In March 2011, people in a coastal Japanese city stood atop a seawall watching the approach of the tsunami that would kill them. They believed—naively—that the huge concrete barrier would save them. Instead, they perished, betrayed by the very thing built to protect them.
Academics call it maladaptation; in simple terms, it’s about solutions that backfire. Over the Seawall tells the stories behind these unintended consequences and the fixes that do more harm than good. From seawalls in coastal Japan, to reengineered waters in the Ganges River Delta, to the ribbon of water supporting both farms and cities in parched Arizona, we visit engineering marvels once deemed too smart and too big to fail. After each we better understand how complicated, grandiose schemes fail. Ultimately, we learn that if we are to adapt successfully to climate change, we must recognize that working with nature is not surrender but the only way to assure a secure future.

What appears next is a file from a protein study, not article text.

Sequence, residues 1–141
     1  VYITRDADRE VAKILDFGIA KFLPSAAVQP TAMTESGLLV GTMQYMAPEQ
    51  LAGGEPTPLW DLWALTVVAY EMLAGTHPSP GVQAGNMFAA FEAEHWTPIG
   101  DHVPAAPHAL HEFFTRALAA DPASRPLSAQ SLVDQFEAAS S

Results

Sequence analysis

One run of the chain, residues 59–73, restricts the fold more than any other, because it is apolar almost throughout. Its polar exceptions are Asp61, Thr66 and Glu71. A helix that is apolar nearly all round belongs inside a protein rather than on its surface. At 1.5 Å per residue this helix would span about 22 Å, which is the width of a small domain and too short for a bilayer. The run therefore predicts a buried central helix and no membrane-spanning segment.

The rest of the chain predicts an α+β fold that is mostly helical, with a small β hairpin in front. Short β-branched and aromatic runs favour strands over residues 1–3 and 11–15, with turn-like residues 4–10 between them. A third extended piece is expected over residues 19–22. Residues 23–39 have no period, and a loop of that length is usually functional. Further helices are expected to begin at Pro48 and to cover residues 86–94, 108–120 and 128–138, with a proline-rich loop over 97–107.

Download "Introduction" and "Part I: Soutei-Gai Northeastern Japan " here or read it below.